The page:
In addition to the product innovation arm of MedFire, the company aims to be a powerful medical expo organizer focused on connecting the networks and sales prospects developed by industry workers. Finally, through Medfire jobs, the company will deploy its proprietary matching technology to help workers and companies identify one another.
MedFire develops its own products like the self-pap device for cervical cancer screening a woman can use on her own to collect the samples necessary to test for this potentially deadly illness. The device was developed to make it easier for women who face cultural barriers to testing and a lack of access to medical treatment facilities.
The Williams Key is an emergency passive entry device used by first responders to gain quick access into buildings and houses. The device was invented by a firefighter who wanted to find a way to get in quick without damaging the property. With the help of MedFire, this product was able to be developed and is now sold to others in public safety. The device is used to toggle the strike of a lock without damaging it. It makes entry into burning buildings faster when every second counts.
The founder chose to share the investment offering in his company with the crowd because it resonated with him as very compatible with his mission to democratize access to innovation. Finance is a big part of that world, and it makes sense to the founder to include anyone looking to support disruptive healthcare practices and products.
Finally, I want to tell you about one more prosocial enterprise that is looking to do well and do good. The Super Crowd, Inc. is a new company formed to advance impact crowdfunding. The founder has witnessed firsthand the struggle many people have to actually align their investments with their values. So-called “Impact Investing” is all the rage but that term can be meaningless when the ripple effect of these investments is to advance the very ills the company claims to be fighting. Super Crowd founder Devin Thorpe has been an advocate for investment crowdfunding since the beginning in 2016. Devin is an experienced finance professional and an impact-minded multi-media influencer. Devin knows that if we ever hope to change the power dynamics in our economy, we are going to have to change who does the funding. Investment crowdfunding allows regular people, not just professional investors, to size up the offerings on all the regulation crowdfunding sites. Devin encourages regular people without direct investment experience to join a free or low-cost investment club where individuals share the work of vetting the offerings and conducting due diligence. Impact Cherubs and Angels of Main Street are two examples of such clubs and many more are starting to emerge.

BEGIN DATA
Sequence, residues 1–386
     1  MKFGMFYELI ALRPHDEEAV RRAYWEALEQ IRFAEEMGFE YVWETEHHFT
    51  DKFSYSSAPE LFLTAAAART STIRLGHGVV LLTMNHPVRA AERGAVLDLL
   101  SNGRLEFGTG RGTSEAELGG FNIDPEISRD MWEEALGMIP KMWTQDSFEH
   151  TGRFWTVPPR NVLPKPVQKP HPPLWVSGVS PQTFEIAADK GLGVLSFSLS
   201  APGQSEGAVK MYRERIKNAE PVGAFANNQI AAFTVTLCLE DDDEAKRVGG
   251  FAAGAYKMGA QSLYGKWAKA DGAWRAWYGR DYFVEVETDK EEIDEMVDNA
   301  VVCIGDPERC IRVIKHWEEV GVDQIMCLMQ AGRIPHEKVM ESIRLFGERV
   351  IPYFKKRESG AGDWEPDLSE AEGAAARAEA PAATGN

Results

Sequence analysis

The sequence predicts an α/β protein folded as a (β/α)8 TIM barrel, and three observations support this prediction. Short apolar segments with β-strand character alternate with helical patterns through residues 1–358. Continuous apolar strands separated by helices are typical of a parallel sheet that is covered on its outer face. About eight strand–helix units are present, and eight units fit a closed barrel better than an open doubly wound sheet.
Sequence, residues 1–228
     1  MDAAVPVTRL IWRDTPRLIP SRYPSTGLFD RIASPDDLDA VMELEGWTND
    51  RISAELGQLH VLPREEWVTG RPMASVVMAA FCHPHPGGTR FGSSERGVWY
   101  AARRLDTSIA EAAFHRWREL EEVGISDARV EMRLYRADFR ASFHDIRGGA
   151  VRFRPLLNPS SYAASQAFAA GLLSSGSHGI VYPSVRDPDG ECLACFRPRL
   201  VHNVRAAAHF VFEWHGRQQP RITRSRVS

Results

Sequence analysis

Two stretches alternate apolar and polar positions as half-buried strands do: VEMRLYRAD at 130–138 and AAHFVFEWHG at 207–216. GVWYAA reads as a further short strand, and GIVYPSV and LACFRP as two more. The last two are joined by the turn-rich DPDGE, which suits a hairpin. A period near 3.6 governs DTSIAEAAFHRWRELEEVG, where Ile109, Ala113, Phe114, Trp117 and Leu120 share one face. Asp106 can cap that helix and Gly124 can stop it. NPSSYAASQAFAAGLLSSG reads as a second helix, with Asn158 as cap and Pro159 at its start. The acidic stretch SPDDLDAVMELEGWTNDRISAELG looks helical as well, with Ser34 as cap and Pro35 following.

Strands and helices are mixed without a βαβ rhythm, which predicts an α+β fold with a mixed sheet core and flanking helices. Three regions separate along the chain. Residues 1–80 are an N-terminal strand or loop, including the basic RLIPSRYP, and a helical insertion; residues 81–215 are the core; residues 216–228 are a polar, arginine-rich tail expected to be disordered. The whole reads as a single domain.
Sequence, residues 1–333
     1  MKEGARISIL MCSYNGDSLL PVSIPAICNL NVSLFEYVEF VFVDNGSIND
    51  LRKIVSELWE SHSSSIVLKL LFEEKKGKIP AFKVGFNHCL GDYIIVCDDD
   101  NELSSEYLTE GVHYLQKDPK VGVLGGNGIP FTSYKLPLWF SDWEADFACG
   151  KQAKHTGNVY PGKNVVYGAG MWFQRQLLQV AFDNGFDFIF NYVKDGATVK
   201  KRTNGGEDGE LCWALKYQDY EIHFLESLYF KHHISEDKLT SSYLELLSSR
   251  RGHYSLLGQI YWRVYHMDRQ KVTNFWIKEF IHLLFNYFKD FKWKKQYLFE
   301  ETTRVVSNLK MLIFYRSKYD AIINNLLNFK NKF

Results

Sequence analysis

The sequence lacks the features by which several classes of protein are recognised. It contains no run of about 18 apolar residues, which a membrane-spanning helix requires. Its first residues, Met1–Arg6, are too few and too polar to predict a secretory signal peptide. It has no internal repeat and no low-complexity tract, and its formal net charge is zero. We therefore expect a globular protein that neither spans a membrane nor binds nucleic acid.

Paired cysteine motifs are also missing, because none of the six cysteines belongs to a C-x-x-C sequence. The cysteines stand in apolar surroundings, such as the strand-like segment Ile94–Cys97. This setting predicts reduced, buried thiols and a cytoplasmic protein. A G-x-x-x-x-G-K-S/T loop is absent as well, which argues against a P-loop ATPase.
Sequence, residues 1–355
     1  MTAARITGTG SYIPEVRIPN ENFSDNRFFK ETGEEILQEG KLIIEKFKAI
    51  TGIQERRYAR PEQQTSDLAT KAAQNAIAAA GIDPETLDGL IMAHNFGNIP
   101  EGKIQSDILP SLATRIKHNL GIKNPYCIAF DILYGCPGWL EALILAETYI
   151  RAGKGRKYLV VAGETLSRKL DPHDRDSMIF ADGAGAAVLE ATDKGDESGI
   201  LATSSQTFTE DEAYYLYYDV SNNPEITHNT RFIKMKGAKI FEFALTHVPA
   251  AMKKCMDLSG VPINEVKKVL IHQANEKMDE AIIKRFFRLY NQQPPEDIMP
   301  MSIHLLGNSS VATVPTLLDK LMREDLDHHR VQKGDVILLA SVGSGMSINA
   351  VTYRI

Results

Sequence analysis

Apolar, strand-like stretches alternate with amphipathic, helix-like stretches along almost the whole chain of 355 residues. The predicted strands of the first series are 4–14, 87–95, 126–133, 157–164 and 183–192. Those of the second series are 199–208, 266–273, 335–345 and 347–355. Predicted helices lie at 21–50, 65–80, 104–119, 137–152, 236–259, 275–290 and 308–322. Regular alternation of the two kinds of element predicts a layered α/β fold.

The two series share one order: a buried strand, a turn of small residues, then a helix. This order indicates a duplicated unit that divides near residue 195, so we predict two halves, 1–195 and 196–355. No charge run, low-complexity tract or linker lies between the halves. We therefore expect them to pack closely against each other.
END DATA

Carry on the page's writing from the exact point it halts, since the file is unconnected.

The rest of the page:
At the SuperCrowd 2023 event in May, there will be lots of information sessions and an opportunity to hear from 10 prosocial enterprises that have live investment crowdfunding campaigns. Grant funds from sponsors will be available for awarding investment prize dollars.
In conclusion, I hope we can continue the conversation about the power dynamics at work in our local business districts and small towns. When we recognize the ways we are inadvertently contributing to our country’s economic and social decline, we can begin to consider investing in the ripples we want to encourage.